Here we are, at the beginning of America’s unofficial six-week long Holiday Season. Thanksgiving Day is Thursday of this week, and on Sunday the liturgical season of Advent begins. Then at the end of December the two big holidays of Christmas and New Year’s occur. However, this is 2020, the year when nothing is normal. And our traditional holiday festivities are going to be quite different compared to anything we’ve experienced in recent times.
I remember when the Coronavirus appeared back in March. One so-called expert on TV said this virus, like most flu viruses, would just fizzle out when the warm weather of summer arrived. Well, that never happened. Another expert predicted the virus would not be under control until an effective vaccine was developed, which might take 12 to 18 months. Unfortunately, it seems like this is the way things are panning out.
This means the recommended Thanksgiving feast this year will be with two or four or maybe five people at most. Or in a lot of cases, one person. Don’t forget: there are plenty of Americans, especially among the elderly, who live alone these days.
The same goes for other cherished holiday traditions, such as Christmas shopping, workplace holiday parties, Midnight Mass on Christmas Eve, and New Year’s Eve celebrations. With the cancellation of office parties and New Year’s Eve parties, at least there should be a reduction in DUI arrests and liver damage. However, a different kind of damage is being inflicted by this COVID-19 pandemic, and it’s only going to get worse during the holidays. I’m referring to emotional damage, as the social isolation we’ve endured the past eight months will be magnified during the Christmas season.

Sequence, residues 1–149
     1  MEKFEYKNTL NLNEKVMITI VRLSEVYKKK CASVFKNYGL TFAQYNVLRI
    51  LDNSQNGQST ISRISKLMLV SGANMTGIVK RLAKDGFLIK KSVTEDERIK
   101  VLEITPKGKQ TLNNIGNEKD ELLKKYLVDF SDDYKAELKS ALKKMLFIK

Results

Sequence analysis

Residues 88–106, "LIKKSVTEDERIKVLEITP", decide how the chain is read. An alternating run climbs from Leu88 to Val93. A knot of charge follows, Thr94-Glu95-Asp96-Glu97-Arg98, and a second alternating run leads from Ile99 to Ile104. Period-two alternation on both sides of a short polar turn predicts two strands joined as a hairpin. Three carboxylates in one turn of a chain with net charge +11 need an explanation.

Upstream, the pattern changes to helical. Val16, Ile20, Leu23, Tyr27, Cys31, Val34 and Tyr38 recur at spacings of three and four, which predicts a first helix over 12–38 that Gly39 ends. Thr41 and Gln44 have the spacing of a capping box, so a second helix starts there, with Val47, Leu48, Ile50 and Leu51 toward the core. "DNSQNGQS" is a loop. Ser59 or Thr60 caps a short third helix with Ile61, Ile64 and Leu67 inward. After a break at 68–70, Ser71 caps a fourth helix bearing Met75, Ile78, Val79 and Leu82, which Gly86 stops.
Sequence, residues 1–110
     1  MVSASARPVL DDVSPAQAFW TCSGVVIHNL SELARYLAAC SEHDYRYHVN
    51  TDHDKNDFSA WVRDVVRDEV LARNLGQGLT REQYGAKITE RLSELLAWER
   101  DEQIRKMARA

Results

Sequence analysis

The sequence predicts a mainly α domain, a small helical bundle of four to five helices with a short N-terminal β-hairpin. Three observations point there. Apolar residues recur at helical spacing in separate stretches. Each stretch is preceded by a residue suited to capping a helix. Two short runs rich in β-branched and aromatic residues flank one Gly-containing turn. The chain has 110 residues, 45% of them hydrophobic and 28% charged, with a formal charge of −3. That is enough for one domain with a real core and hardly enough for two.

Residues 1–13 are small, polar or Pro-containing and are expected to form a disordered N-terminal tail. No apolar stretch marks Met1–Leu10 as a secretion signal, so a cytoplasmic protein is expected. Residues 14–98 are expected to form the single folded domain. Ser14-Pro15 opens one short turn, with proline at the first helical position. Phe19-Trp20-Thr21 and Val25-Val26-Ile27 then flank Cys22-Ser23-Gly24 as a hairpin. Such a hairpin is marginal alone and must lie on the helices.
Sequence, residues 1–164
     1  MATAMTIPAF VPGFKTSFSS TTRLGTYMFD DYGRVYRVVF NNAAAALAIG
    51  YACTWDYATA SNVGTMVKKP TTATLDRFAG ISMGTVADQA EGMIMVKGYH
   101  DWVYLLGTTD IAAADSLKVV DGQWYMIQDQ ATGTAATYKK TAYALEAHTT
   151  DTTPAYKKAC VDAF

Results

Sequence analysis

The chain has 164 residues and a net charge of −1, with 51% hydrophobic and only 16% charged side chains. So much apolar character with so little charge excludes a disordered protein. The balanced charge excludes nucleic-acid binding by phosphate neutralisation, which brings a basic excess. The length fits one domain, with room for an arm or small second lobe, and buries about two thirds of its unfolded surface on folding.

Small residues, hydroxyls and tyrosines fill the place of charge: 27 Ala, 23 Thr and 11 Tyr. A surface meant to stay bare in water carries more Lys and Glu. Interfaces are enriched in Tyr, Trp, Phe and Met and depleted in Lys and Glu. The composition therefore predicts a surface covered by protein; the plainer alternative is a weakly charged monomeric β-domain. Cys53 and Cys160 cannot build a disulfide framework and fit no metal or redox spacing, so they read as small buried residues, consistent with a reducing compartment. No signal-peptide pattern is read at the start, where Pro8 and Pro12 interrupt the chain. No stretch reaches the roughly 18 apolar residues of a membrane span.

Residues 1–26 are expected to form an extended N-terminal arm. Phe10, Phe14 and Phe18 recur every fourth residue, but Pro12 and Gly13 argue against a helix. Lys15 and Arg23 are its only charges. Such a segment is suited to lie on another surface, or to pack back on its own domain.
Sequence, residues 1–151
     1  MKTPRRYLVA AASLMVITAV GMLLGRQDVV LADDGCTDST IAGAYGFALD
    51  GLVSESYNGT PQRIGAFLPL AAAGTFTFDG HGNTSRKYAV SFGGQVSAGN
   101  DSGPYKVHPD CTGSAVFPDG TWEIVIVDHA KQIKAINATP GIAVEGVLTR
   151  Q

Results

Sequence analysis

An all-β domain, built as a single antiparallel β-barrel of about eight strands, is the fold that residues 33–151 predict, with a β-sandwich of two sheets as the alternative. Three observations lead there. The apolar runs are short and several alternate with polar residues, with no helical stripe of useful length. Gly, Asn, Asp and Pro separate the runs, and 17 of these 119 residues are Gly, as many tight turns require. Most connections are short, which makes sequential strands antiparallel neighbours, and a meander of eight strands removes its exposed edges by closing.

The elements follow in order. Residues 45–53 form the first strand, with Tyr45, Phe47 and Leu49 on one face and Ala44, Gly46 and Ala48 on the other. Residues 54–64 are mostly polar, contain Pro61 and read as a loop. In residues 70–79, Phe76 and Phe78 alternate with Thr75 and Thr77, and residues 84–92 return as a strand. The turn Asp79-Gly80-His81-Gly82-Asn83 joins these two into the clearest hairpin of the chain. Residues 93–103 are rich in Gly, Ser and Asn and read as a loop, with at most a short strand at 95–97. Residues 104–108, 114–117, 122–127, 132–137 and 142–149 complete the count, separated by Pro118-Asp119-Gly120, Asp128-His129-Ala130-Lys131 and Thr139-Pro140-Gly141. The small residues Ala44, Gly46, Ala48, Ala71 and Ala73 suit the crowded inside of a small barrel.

Because this is 2020 — the year when nothing is normal — the holiday season also will be anything but normal. A lot of folks are just starting to realize that they will not see many of their loved ones in person this year, and this realization is increasing the emotional damage already inflicted by the pandemic.
As Catholic Christians, it is our duty to comfort those in distress. This year, some of the distressed people in our society very well may be our own relatives. Since it is risky to see them in person, we have to do the next best thing: pick up the phone and give them a call.
In his letter to the Ephesians in the Bible, St. Paul wrote, “There is one body and one Spirit, just as you were called to one hope when you were called” (Eph. 4:4).
St. Paul used the word “called” twice, and I think it’s pretty obvious he was referring to telephone calls. Because there is one Spirit and because all believers make up one body, it is imperative that we call our lonely relatives during this holiday season. See? That’s irrefutable proof right from the Bible.